Gravel Road Dust Makes Crash with Vehicle to the Rear Foreseeable

There was a crash in Mitchell County near the town of Osage that occurred on November 2, 2007. This to-the-rear-end near-collision is one that illustrates how the driver in the front can be considered negligent. Iowa being a comparative fault state there is probably fault to be attributed to both drivers but let's examine how this can be so to the front vehicle. Normally we would blame fault on the driver to the rear and that may be the situation in this case, but experience tells me that in this case front positioned driver may share the lion’s share of fault.

Here is what the officer described in the investigative report. This is a two car collision with no contact between vehicles. Both cars are traveling in the same direction on what appears to be a gravel road. The driver to the rear is 16 year old Benjamin Mobley. His 14 year old brother is a passenger. They are traveling east bound on 410th Street, which appears to be a gravel road because they are driving in dust. The car to the front slows to look at a deer in the ditch. And that is where I believe the negligence of the front driver comes into play. Due at least in part to the cloud of dust young Mr. Mobley doesn't realize the front vehicle is slowing. The accident investigation report indicates he doesn't realize the front vehicle has slowed until it is too late and to avoid the collision takes evasive action by turning to the left. The left front wheels drop off the roadway on the north side causing the driver to lose control and the vehicle to roll over, ejecting the passenger.

Now the law of negligence is about “foreseeability” and anyone who has driven on a gravel road knows that they are kicking up a cloud of dust. The cloud of dust will and usually does obstruct the vision of the driver following behind. And that foreseeability should indicate to the front driver he should not slow down unexpectedly or slow down or stop in the middle of the road lest he cause an obstruction that the rear driver will not anticipate or have enough time to avoid striking. In other words it should be foreseeable to the front driver that the driver to the rear will not have a normal view of what the car in front is doing; like slowing or stopping. And that once the driver to the rear clears the dust he will have little time to avoid striking the slowed or stopped front vehicle that now obstructs his path on the road. And further that once he sees the front car his stopping time will be diminished due to surface considerations that affect braking distances.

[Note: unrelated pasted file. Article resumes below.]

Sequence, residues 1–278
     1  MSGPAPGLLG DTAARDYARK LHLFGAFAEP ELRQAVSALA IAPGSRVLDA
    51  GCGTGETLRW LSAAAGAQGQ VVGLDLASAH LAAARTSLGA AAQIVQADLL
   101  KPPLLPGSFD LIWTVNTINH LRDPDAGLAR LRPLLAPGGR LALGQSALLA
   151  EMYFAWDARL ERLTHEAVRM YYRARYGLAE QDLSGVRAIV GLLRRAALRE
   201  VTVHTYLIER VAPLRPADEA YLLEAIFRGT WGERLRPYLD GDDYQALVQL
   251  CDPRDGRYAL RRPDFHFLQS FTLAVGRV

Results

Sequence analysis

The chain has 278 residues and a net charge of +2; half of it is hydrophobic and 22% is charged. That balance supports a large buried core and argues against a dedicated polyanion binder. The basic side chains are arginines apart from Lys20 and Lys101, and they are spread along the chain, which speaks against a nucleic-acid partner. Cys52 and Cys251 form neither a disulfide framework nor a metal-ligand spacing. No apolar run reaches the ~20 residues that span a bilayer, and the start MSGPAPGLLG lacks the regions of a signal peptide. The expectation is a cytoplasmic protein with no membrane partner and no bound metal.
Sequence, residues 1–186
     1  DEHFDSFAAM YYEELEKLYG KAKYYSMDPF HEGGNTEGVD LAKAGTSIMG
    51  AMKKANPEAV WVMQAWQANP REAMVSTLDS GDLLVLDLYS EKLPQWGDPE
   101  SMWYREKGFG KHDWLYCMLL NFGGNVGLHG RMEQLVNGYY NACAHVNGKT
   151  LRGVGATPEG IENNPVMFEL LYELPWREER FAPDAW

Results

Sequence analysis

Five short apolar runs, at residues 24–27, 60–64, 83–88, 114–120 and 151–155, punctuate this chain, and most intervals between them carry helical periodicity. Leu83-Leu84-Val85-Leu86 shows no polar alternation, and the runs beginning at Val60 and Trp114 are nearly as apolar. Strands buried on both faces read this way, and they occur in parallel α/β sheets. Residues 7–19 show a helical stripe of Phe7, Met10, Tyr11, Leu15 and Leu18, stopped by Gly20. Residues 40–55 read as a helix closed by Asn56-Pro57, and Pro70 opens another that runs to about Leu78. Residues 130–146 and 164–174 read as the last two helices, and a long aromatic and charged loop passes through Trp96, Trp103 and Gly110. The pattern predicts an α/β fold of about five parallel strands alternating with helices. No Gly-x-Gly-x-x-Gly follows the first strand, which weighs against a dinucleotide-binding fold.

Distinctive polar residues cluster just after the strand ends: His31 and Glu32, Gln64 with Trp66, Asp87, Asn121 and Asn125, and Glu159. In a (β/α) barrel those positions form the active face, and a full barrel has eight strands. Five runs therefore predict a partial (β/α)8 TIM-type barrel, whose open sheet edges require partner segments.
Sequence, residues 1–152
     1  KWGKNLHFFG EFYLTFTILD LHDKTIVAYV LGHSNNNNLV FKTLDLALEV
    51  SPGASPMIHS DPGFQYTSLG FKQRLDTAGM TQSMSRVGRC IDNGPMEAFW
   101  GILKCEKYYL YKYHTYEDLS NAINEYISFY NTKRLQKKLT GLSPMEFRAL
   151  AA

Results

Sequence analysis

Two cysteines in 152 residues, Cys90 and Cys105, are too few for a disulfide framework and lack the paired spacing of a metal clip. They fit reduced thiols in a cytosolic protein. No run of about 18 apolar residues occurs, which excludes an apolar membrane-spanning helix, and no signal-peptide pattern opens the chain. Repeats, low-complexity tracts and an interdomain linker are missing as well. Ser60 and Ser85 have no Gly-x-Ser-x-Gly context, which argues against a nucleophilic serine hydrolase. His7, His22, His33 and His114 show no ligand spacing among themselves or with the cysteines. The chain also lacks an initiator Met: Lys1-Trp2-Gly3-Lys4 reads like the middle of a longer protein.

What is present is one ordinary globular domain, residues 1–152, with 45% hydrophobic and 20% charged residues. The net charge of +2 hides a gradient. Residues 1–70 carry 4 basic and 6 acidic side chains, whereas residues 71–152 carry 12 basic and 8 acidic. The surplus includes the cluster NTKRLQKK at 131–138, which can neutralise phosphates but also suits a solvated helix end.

So what lawyers do is use the Iowa State Patrol investigation to assist in analyzing negligence to right the wrong which in this case cost the young passenger his life. A good thorough investigation is always a part of a tough liability case and perhaps can make the difference in a successful lawsuit.

Know your rights, protect yourself and guard your rights against those who would take them away.

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